Defendants' " high degree of bad intent" further entitles the SEC to prejudgment interest, at the use of interest rate imposed by the Internal Revenue Service, on the amount to be disgorged. Svoboda, 409 F.Supp.2d at 346 (granting prejudgment interest where the defendants' insider trading scheme lasted for several years, implicated many issuers, and " involved numerous forms of deceptive conduct" ); see also Contorinis, 2014 WL 593484, at *8 (affirming that prejudgment interest may be appropriately awarded " [w]hether or not a party personally enjoyed the gains from the illegal action" ). The Second Circuit has endorsed the use of the IRS underpayment

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rate in these situations, and the Court does the same here. See First Jersey, 101 F.3d at 1476.

Accordingly, the motion for summary judgment is granted with respect to the request for disgorgement and prejudgment interest. Furthermore, because Kinnucan was " clearly responsible for the activities" of Broadband, the Court finds that they are jointly and severally liable for the full amount of disgorgement and prejudgment interest. SEC v. Haligiannis, 470 F.Supp.2d 373, 385 (S.D.N.Y. 2007).

3. Civil Penalty

Finally, the SEC requests that the Court impose upon Kinnucan and Broadband " the maximum three time penalty available under the law, $4,750,337.88." Pl. Br. 13. This severe sanction is warranted, according to the SEC, because " Kinnucan's conduct was egregious and involved a high degree of scienter." Pl. Br. 13-14.

The Court may assess civil penalties for insider trading pursuant to Section 21A of the Exchange Act, which states that " [t]he amount of the penalty . . . shall be determined . . . in light of the facts and circumstances, but shall not exceed three times the profit gained or loss avoided as a result of" the conduct. 15 U.S.C. § 78u-1(a)(2). In making this determination, courts may consider such factors as: " (1) the egregiousness of the defendant's conduct; (2) the degree of the defendant's scienter; (3) whether the defendant's conduct created substantial losses or the risk of substantial losses to other persons; (4) whether the defendant's conduct was isolated or recurrent; and (5) whether the penalty should be reduced due to the defendant's demonstrated current and future financial condition." SEC v. Rajaratnam, 822 F.Supp.2d 432, 433 (S.D.N.Y. 2011) (quoting SEC v. Haligiannis, 470 F.Supp.2d 373, 386 (S.D.N.Y. 2007)).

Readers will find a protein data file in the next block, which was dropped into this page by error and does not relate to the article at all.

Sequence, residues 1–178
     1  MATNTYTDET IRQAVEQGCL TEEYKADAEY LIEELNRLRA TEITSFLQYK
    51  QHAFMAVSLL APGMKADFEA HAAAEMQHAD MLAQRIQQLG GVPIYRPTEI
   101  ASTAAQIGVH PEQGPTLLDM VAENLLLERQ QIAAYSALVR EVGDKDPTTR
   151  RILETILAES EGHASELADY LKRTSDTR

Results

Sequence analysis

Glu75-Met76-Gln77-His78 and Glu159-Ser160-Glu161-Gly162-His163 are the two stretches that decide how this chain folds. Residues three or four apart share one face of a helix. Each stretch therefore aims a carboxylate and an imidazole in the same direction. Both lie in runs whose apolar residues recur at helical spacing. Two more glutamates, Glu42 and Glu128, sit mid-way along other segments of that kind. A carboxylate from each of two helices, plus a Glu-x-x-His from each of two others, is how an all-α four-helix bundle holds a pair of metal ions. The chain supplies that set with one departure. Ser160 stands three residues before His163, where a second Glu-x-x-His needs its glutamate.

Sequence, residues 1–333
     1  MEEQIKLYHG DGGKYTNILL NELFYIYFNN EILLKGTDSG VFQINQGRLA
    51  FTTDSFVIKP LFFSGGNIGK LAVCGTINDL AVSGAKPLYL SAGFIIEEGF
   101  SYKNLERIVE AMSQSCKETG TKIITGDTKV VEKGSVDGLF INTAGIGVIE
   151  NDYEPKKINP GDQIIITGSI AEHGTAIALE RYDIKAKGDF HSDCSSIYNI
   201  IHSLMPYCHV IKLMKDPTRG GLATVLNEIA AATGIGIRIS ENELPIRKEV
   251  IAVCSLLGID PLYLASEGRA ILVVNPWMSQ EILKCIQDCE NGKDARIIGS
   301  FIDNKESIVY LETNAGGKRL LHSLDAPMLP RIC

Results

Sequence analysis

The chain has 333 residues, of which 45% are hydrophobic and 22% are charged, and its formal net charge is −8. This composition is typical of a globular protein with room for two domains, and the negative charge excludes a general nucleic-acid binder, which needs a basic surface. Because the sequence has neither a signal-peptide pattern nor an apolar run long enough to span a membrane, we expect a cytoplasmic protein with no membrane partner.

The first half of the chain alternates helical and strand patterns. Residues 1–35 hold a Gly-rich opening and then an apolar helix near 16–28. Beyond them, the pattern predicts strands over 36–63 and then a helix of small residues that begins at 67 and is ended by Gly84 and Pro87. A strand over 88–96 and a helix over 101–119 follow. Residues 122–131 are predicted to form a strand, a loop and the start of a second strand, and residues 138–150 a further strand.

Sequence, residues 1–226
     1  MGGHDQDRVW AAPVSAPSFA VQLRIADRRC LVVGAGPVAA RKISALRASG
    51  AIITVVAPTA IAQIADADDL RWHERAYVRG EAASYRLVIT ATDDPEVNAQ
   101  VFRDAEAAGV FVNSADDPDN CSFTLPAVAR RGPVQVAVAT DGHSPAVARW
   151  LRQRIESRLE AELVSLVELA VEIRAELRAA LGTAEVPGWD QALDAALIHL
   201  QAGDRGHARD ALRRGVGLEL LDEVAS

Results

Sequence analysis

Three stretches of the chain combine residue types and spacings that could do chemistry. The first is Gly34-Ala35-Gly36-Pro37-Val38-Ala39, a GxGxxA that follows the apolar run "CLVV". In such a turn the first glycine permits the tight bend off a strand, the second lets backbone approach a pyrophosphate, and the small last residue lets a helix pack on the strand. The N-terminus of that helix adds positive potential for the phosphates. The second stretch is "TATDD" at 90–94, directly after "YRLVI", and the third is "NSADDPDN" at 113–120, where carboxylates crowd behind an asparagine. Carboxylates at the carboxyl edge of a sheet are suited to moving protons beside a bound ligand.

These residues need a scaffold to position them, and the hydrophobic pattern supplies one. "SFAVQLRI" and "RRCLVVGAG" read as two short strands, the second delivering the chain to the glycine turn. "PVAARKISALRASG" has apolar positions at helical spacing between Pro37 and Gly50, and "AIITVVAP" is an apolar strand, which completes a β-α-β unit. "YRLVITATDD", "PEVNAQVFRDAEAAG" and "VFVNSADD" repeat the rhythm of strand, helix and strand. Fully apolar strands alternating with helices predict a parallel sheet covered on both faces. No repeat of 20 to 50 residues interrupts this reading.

As Kinnucan's conviction in the parallel criminal case demonstrates, his conduct was egregious, evinced a high degree of scienter, and involved recurrent conduct over a period of two years. See Watkins Decl. Ex. 4, at 16. Kinnucan, moreover, has not asserted or made any showing indicating that " the penalty should be reduced due to [his] demonstrated current and future financial condition." Rajaratnam, 822 F.Supp.2d at 433.[1] Accordingly, the Court imposes against him $4,750,337.88 in civil penalties, or three times the profit gained or loss avoided because of his conduct. Again, because Kinnucan was responsible for the activities of Broadband, the Court further finds them to be jointly and severally liable for the amount of the penalty. See Haligiannis, 470 F.Supp.2d at 385-87 (holding defendants jointly and severally liable for the amount of the civil penalty, where the individual defendant was " clearly responsible" for the wrongful conduct of the entity defendants).


For the foregoing reasons, the SEC's motion for summary judgment is GRANTED. Within a week of the date of this order, the SEC is to submit to the Court a proposed judgment: (1) ordering disgorgement in the amount of $1,583,445.96; (2) setting forth its calculations of prejudgment

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interest to the date of this order and the per diem interest charge that shall be applied until the date judgment is entered; and (3) ordering a civil penalty of $4,750,337.88.